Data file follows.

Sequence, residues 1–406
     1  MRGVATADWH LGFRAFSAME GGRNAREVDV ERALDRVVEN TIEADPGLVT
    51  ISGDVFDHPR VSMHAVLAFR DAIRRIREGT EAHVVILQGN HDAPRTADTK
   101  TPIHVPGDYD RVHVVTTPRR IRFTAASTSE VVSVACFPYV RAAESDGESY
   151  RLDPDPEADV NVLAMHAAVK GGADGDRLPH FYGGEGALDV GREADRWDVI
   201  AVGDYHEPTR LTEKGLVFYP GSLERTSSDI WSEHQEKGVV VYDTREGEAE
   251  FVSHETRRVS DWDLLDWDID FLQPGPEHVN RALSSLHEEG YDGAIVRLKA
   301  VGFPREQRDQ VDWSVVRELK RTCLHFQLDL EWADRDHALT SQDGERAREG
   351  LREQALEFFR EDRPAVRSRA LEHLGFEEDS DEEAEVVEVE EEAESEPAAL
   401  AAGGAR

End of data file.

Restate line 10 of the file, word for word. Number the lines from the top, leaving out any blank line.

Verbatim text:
   401  AAGGAR